In a recent article in the Guardian Jonathan Glancey argues the decline of Britain's engineering culture and argues that its industrial future is threatened by a lack of skilled workers and a glut of postmodern apathy. (Extinction of the engineers, Jonathan Glancey, Guardian, October 15, 2007)
It is no surprise that, as Glancey observes,"we have come to believe that we are a nation of consumers rather than producers". Every political grouping, from the Tories via New Labour to the environmentalists, is obsessed with people's consumption, and uninterested our primary activity as producers and problem solvers.
And this lack of interest in engineering in the UK isn't simply a product of an ill-informed or out-of-date public image of the engineer (Tim Feest, Letters, October 16). For all of New Labour's celebration of innovation and creativity, little praise is reserved for the modern marvels created by engineering and its associated professions: from aeroplanes to power stations, automobiles to mobile phones, and the amazing infrastructures that support them. Instead, the debate around these wonderful engineering products focuses from the outset on their role in 'destroying the planet', despoiling our environment and degrading our health.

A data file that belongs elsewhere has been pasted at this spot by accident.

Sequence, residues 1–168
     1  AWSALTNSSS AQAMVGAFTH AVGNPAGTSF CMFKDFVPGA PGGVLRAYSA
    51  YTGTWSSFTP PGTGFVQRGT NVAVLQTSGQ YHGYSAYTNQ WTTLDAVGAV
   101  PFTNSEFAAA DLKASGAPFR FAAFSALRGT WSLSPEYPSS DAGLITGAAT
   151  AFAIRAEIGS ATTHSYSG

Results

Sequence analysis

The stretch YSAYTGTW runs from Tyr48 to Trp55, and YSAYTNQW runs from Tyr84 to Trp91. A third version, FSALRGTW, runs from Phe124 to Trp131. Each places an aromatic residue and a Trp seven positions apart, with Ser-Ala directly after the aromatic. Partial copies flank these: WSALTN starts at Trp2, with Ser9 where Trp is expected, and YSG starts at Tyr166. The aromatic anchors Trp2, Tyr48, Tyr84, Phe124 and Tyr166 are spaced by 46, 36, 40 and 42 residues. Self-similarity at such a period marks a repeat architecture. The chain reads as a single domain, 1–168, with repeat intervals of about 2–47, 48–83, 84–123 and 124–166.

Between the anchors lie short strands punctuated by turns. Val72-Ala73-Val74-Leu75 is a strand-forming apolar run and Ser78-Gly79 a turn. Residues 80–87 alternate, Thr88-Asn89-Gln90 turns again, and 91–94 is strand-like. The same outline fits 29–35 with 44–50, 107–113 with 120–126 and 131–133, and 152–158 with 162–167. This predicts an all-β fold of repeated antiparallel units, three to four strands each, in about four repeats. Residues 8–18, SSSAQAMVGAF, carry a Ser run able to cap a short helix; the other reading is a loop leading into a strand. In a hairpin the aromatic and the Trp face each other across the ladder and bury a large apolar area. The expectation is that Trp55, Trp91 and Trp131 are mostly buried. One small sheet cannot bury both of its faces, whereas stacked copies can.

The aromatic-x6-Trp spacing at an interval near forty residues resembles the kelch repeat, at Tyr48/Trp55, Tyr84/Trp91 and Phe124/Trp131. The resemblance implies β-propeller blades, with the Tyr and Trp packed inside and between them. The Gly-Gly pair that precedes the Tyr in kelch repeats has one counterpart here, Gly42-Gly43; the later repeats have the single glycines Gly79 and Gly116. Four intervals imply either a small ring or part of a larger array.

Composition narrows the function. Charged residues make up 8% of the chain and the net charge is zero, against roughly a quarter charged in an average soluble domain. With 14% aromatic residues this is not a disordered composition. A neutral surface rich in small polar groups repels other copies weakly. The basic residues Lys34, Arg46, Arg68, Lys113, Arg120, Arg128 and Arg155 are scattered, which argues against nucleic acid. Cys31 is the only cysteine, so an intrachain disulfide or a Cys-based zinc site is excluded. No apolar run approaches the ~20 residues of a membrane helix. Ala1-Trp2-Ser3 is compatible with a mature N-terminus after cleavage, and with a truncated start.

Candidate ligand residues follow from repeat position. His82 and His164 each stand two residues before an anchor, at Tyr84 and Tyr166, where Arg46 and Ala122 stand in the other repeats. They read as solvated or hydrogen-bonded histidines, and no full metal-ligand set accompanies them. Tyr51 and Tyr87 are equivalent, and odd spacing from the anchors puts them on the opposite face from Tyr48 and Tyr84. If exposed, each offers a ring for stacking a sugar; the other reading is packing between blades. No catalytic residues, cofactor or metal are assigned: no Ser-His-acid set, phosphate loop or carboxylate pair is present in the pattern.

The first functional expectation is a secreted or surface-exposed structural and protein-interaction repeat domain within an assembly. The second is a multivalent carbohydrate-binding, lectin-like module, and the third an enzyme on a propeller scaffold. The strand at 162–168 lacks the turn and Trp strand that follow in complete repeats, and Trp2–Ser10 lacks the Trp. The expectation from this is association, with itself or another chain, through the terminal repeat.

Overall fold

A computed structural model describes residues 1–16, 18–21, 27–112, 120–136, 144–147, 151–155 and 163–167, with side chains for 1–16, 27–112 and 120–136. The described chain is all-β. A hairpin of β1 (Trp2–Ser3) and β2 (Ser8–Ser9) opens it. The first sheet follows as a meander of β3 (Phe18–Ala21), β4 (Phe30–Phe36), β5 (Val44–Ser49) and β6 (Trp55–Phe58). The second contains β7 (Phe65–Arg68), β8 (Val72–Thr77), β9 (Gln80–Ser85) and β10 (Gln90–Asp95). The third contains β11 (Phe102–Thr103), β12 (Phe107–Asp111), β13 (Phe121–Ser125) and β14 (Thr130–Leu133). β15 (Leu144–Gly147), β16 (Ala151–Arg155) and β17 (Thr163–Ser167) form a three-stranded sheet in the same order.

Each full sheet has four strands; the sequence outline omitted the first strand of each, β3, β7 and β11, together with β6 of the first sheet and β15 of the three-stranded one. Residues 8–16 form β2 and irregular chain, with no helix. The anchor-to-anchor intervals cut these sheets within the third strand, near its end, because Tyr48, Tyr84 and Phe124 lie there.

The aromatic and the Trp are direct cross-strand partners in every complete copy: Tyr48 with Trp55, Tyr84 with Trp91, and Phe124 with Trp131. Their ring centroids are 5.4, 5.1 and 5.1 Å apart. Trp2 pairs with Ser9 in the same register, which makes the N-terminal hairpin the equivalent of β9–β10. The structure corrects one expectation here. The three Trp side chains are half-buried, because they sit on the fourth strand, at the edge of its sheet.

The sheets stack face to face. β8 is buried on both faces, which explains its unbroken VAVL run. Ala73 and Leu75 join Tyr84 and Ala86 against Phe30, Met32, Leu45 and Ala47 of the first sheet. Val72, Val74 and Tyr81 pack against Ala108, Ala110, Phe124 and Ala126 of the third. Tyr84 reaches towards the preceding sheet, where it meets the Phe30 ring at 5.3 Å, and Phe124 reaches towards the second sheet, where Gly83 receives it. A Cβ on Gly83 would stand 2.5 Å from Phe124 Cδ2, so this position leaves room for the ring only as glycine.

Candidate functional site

Who would want to be an engineer when instead of being celebrated for helping solve society's problems one is more likely to be ignored, and have one's own creations treated as problems?
See my related article London: still stuck in a jam, Nico Macdonald, spiked, 19 March 2007 which addresses this theme in its conclusion